Being used to dry Texas summers, we are well acquainted with the hopefulness that comes with the sight of dark clouds. These people living in an agricultural society, they would have felt it much more acutely. The sight of rainclouds were literally what their life depended on.
(Also see Ephesians 4:11-14)
Apostates however, look good, look promising, look like they will provide sustaining rain, and may even rumble with a little thunder, but they only block the light and their ‘gospel’ does nothing to alleviate drought.
“Fruitless trees in late autumn, twice dead, uprooted…”
Notice that they are ‘twice dead.’ They are dead in root and dead in fruit. They may look like a healthy tree with bright leaves, may bud out, may lend to a certain expectation of good things happening, but true fruit is the proof of a ministry. And true fruit is eternal, not temporal.
(Also see Matthew 7:15-20)
“Wild waves of the sea, casting up the foam of their own shame…”
If you have ever been to the ocean after a storm, then you immediately understand this. These people in spirit are not calm, placid souls. No, they are in a tumult, not satisfied with the things of God, dredging up sludge from the bottom of their own hearts and cast up the stinking refuse on the shore for all to see.
(Also see 2 Peter 2:21-22)
“Wandering stars, for whom the gloom of utter darkness has been reserved forever…”
Stars are to be fixed and steady. They were used for navigation, so if it is a ‘wandering star’ that would indicate a shooting star. They are noticeable, and everyone points and says ‘ahhhhhh’, but they are a fleeting thing. A bright flash that only is showing forth the light of its own destruction.
(Also see Matthew 7:21-23)
So what do false teachers look like? They rely on their own dreams and visions even against the authority of Scripture. They live lives that are not morally pure. They reject the authority of the Word of God over their lives. They speak things about God that are not true. They are hidden among the church, like a reef waiting for an inexperienced boat to come by. They make themselves rich off the people they are supposed to be shepherding. They don’t preach things that are actually useful for the purpose of living lives that please God. They look good but never bear good fruit. They are as peaceless as the waves of the sea, always moving on to the next thing. They promise to give good direction for those who desire to live lives that please God, but are unable to deliver on their promises.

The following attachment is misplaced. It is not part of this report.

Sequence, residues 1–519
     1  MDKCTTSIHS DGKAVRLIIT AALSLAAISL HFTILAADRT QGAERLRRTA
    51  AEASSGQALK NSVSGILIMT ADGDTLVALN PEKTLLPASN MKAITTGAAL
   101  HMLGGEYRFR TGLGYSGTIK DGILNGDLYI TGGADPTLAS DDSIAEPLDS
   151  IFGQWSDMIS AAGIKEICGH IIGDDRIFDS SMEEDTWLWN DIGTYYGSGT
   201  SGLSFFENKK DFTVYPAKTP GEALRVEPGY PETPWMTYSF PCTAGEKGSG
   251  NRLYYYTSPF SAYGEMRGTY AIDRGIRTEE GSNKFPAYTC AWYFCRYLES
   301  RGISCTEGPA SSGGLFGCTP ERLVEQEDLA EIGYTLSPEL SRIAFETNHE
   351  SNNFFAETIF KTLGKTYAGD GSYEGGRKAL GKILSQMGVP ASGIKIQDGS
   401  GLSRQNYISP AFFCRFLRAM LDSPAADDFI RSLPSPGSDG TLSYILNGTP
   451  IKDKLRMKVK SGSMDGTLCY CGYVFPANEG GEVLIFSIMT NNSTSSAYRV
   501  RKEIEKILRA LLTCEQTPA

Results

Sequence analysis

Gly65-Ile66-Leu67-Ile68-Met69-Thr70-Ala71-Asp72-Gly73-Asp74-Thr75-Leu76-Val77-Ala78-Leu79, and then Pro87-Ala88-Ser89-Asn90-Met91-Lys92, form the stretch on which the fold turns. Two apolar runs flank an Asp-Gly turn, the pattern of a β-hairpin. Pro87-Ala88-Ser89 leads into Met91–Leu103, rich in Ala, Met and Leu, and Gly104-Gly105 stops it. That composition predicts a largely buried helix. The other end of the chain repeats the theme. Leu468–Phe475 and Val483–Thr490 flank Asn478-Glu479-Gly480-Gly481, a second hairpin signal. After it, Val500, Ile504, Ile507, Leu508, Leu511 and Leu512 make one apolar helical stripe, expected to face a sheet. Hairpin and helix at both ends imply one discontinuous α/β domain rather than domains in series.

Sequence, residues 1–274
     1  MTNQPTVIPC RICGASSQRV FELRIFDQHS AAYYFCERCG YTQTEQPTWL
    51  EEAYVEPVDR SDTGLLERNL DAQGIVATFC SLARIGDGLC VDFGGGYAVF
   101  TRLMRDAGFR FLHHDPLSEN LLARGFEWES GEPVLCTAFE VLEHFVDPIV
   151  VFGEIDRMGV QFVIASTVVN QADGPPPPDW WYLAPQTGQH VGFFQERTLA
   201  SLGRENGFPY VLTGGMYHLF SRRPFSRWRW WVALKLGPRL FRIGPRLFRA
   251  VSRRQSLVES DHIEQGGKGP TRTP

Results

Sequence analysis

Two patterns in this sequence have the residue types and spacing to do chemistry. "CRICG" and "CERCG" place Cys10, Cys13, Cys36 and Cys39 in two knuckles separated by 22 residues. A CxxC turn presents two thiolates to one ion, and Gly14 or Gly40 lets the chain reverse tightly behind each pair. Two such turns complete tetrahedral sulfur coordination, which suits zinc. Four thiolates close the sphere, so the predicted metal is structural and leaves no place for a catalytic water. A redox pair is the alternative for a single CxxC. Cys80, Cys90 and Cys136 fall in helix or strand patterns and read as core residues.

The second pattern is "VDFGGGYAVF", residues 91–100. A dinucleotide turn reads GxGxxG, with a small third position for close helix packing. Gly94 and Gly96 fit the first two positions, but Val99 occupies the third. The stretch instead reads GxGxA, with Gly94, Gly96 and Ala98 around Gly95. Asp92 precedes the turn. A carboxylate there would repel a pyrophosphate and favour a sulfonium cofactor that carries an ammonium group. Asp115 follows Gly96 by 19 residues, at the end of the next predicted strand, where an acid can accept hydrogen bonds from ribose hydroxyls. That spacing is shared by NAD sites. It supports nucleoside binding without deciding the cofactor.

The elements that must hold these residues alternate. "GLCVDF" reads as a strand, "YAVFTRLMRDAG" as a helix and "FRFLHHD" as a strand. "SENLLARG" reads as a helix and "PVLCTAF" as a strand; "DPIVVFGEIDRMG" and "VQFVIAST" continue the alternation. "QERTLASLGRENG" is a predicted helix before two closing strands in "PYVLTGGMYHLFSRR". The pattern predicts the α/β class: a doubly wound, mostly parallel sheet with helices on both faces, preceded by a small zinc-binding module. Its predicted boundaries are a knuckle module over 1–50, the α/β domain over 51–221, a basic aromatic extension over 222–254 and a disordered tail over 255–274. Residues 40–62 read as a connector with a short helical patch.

Knowing the answer to the question “what do they look like” is vital to survival in this day of so many differing beliefs and contradicting viewpoints that all claim to be Christianity. Truth by definition is exclusive and we must be able to recognize and smell out error in all its forms.
Until next time keep your guard up and remember that lies are plural, but truth is singular.
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By Martha and Miles Pike
Miles Pike’s powerful voice has amazed and inspired listeners all around the nation. Miles has been a regular feature on Ben Speer’s Stamps-Baxter School of Music DVD, being chosen all eight years in a row. The first three radio releases of this young artist have all been #1 hits on the Christian Voice Magazine’s Country Gospel Chart. In May 2011, Miles Pike won the “Male Horizon” award at the Country Gospel Music Fan Awards as well as the “Young Excelling Individual” award at the Southern Gospel Music Fan Awards.